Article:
Dr. Gardner said it is not that calories don’t matter. After all, both groups ultimately ended up consuming fewer calories on average by the end of the study, even though they were not conscious of it. The point is that they did this by focusing on nutritious whole foods that satisfied their hunger. “I think one place we go wrong is telling people to figure out how many calories they eat and then telling them to cut back on 500 calories, which makes them miserable,” he said. “We really need to focus on that foundational diet, which is more vegetables, more whole foods, less added sugar and less refined grains.”

— From the New York Times, February 20, 2018

Chia Seed Pudding

overnight oats with Greek yogurt, Chia seeds and banana

Chia seeds were discovered more than 5,000 years ago and were a staple in the Aztec and Mayan diets. It’s no wonder they have stuck around for so long — they are a nutrition powerhouse! One 2-tablespoon serving provides 190 calories, 4 grams protein, 12 grams carbohydrates, 11 grams fiber and 9 grams fat, along with numerous vitamins and minerals.

Here are three ways to enjoy chia seeds as a pudding for a brain-boosting breakfast, light lunch or snack! Each recipes makes one serving.

Vanilla Chia Seed Pudding
Ingredients
2 tablespoons chia seeds
½ cup unsweetened almond milk (or other unsweetened milk)
Dash of vanilla extract
1 teaspoon maple syrup, honey or agave
Optional toppings: sliced kiwi, strawberries or any combination of fruit

Chocolate Chia Seed Pudding
Ingredients
2 tablespoons chia seeds
½ cup unsweetened almond milk (or other unsweetened milk)
1 teaspoon vanilla extract
1 tablespoon cocoa powder
Optional toppings: 1 to 2 tablespoons trail mix for an extra protein boost; sliced strawberries and/or banana

Peanut Protein Banana Chia Seed Pudding
Ingredients
2 tablespoons chia seeds
½ cup unsweetened almond milk (or other unsweetened milk)
1 teaspoon maple syrup, honey or agave
1 banana, separated — ½ mashed in recipe, other ½ sliced on top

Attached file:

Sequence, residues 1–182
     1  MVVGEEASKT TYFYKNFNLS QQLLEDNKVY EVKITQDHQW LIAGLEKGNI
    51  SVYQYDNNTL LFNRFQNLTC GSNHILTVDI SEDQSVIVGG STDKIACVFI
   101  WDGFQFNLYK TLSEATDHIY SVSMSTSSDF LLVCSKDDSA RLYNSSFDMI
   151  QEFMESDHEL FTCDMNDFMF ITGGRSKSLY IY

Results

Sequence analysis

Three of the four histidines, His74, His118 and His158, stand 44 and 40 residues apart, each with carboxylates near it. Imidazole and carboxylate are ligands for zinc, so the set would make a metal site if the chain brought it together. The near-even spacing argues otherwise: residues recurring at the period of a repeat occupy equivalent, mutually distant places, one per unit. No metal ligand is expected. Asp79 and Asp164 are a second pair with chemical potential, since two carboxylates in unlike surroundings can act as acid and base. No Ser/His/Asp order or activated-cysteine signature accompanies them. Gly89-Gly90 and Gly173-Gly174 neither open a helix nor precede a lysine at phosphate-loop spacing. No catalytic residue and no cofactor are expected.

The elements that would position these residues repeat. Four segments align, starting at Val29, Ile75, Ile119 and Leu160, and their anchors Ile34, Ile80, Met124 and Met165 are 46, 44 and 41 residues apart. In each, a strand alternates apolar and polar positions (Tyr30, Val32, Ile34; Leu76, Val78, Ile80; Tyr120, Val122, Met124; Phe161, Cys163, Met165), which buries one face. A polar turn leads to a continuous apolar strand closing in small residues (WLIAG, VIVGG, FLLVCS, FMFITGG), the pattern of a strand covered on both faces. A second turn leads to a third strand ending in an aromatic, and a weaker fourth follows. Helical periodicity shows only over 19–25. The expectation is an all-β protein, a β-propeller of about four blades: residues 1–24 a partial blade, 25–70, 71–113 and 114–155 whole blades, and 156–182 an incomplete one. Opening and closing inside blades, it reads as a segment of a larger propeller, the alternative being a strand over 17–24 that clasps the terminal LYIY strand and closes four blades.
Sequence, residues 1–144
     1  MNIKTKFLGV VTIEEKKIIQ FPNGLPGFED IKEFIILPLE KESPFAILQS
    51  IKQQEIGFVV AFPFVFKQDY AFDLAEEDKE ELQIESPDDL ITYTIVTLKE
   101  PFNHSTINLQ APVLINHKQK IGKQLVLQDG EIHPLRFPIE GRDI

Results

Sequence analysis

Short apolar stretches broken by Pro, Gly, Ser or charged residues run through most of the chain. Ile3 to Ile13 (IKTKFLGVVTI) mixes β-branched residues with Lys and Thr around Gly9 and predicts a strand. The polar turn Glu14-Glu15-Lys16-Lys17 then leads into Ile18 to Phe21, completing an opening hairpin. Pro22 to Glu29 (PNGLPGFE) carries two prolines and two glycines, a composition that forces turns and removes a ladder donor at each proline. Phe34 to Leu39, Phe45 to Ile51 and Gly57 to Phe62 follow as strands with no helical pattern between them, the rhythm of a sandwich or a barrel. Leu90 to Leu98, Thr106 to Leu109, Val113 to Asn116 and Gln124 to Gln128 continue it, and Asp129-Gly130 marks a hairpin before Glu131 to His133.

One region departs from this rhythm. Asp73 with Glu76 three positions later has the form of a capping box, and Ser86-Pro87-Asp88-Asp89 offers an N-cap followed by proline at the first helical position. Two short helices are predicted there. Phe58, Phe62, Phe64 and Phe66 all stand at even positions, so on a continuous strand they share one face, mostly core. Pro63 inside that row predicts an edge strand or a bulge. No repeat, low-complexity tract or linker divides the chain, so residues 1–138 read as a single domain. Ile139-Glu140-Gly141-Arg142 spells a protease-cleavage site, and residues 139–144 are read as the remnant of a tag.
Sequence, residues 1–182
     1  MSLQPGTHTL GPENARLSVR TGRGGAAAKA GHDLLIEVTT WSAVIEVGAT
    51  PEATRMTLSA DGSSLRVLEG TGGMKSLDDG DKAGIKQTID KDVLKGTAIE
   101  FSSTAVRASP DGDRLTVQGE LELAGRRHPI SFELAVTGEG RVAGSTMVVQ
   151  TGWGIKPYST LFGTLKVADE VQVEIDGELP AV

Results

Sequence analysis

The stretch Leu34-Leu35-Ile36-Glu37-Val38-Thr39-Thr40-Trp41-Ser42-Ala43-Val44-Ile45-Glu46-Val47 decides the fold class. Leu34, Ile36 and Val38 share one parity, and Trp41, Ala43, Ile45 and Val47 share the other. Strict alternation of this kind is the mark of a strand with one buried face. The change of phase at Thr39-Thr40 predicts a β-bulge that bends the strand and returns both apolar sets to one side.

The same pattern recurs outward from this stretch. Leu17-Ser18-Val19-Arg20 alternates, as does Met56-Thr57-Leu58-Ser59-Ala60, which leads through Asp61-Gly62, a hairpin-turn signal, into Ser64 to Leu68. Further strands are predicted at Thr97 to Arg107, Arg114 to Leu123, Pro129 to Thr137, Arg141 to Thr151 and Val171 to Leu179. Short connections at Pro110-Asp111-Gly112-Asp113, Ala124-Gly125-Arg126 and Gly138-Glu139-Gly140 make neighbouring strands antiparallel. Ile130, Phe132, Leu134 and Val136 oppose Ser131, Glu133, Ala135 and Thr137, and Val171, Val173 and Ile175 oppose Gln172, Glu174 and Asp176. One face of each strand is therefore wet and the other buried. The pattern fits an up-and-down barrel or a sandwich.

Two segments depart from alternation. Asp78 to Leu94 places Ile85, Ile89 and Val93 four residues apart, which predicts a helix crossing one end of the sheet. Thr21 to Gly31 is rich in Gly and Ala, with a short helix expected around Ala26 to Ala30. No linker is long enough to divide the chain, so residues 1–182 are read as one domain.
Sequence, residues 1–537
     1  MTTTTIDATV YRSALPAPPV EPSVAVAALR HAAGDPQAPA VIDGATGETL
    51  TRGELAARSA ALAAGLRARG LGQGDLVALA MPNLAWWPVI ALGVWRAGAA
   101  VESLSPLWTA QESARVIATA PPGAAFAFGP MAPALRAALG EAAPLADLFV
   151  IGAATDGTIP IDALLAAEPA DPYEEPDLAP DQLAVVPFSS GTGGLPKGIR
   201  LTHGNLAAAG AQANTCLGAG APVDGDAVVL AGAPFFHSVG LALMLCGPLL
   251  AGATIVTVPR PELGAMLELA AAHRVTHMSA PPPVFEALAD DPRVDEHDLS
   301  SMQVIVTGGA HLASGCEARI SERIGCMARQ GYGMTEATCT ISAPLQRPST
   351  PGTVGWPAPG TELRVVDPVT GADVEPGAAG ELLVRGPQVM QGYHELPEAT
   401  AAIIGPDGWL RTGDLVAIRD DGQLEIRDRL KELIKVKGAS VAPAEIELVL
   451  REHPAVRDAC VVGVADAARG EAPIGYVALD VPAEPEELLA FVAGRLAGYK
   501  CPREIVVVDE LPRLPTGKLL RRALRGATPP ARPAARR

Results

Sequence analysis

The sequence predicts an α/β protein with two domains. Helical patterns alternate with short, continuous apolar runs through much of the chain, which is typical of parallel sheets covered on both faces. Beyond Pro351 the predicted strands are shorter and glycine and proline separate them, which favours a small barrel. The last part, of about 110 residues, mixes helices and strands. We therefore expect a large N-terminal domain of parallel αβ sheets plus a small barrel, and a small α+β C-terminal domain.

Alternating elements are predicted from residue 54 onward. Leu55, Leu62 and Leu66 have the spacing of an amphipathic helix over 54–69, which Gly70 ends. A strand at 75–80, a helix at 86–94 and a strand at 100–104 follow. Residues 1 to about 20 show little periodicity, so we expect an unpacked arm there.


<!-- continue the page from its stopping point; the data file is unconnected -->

1 to 2 tablespoons peanut protein powder
Optional toppings: cacao nibs and sliced strawberries

Directions for all recipes

1. Place all ingredients except toppings in a medium-sized jar and stir to combine.
2. Cover with lid and place in refrigerator overnight.
3. Remove lid and stir — should be a pudding-like consistency.
4. Top with optional ingredients. Enjoy!

Quick Guide to Nutritious Meals

family-cooking-large

Planning saves time and allows the opportunity to pack the family meal with an extra nutritional punch. Before you make your shopping list and head to the grocery store, consider the following criteria for healthier options:

  • Include at least one selection from each of the five food groups: grains, vegetables, fruits, dairy and protein foods.
  • Limit foods that are fried or highly refined.
  • Incorporate high-fiber foods like whole-grain breads and cereals, vegetables, fruits, beans, nuts and seeds.

Here is a balanced and nutritious dinner that the entire family will love: Mediterranean chicken breast (a boneless, skinless chicken breast baked for 20 minutes with lemon juice, a pinch of oregano and topped with feta cheese); steamed broccoli; brown rice; low-fat vanilla yogurt topped with fresh berries; and a glass of water.

Make Meals a Family Affair

Even if in a rush, families still can work together for speedy meal preparation: adults can be in charge of the entrée, older kids can prepare a salad and little ones can help set the table.
Finally, to make the most of your family meals, make conversation part of the dining experience and reduce distractions by turning off the TV and phones and tuning into your loved ones.

When You Don’t Have Time for Homemade

If you don’t have time to whip up a homemade meal, you still can enjoy all the benefits of a nutritious family dinner. Here are four speedy meals you can prepare without breaking a sweat.